Azu Yeché recounts a painful story of migration in “Lagos”

Azu Yeché

I had just returned from school one evening I was relaxing in the living room with my mum in Port Harcourt, Nigeria aged 10. Suddenly, a car drove in and we weren’t sure who it was till my brother stepped out of the car with lots of rags tied round his head. He was accompanied by his head teacher.

I immediately started laughing because I thought he was just fooling around as usual or maybe he had offended the head teacher. Within seconds, it became clear that it was a serious situation as my mother ran towards him screaming because she had seen blood dripping from his head.

The headmaster told us that he had been attacked by a gang of people and was stabbed several times on his head, neck and hands. I went into a state of shock and everything changed immediately after he was rushed to the hospital.

I couldn’t really comprehend it and I didn’t have time to do so as I was suddenly going to write an exam to join a new school in a different city (Lagos) and subsequently London. After he recovered from the brutal incident we both moved city and left home.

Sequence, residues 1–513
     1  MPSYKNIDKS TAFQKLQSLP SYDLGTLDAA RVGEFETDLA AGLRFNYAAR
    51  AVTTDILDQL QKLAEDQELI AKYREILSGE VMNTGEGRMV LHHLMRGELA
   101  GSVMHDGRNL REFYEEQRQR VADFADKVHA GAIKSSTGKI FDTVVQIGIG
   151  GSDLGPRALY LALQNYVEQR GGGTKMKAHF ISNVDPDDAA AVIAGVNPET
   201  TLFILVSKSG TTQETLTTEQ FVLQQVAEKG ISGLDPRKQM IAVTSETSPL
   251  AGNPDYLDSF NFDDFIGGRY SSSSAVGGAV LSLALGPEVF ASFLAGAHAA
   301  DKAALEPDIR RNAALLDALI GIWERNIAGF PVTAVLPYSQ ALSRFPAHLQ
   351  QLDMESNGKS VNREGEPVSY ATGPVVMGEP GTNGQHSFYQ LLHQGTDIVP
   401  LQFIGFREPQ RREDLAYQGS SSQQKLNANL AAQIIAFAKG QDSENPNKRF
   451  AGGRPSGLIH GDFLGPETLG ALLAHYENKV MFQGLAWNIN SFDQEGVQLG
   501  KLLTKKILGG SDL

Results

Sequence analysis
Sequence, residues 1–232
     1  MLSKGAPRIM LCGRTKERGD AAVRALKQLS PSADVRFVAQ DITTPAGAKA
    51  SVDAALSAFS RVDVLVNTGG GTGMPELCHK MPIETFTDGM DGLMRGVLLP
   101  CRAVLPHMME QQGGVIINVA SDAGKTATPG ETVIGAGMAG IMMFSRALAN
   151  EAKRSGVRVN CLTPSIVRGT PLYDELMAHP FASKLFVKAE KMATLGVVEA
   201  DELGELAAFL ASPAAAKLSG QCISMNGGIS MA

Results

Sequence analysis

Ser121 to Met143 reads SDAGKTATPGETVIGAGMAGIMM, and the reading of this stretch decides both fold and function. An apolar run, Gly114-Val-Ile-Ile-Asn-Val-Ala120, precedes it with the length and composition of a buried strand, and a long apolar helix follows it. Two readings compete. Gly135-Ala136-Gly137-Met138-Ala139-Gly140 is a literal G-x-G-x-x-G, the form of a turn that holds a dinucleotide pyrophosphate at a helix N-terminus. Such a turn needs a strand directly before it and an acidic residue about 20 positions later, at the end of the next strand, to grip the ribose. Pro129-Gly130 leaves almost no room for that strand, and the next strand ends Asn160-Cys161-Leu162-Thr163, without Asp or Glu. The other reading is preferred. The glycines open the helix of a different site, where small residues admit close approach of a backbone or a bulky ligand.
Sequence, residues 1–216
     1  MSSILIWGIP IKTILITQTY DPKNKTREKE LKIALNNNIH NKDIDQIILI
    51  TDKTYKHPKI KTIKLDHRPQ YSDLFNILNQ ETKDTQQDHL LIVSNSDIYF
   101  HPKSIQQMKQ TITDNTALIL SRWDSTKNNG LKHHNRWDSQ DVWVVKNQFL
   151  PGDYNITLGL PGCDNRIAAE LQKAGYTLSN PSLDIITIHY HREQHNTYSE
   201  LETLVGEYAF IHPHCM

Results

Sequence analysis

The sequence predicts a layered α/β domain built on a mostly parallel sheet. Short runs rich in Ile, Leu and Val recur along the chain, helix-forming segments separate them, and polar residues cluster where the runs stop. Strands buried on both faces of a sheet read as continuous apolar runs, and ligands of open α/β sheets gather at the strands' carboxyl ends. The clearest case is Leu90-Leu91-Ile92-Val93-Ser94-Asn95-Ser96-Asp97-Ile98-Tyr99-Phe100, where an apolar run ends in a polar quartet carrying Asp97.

So much happened in such a short period, I only very recently came out of the initial shock of seeing my brother in that state. We never really spoke about it till this day. Perhaps, writing this song helped me deal with the situation.

I initially wrote it on my guitar and then took it to Tony White who is a great producer and has produced some great music. We’ve been working together for a while now so there is trust between us. I told him this story as an artist and friend and explained how I wanted it to be produced in a sparse way. Because of the sensitive subject matter of the song, he instantly understood that this was not a song that required bells and whistles. He added some electronic pads along with acoustic guitar and piano to accentuate key points of the story and the results were exactly what I had imagined for the song. The final result has a hymnal quality to it.

It was very emotional to record the song, and I think that comes out in the final version. The vocal on the finished track is the first take I recorded. Perhaps, I could have aimed for a more technically perfect and pristine vocal but this was raw and honest — that’s what the song needed.

*This post is part of our Liner Notes series, where musicians talk about making music.

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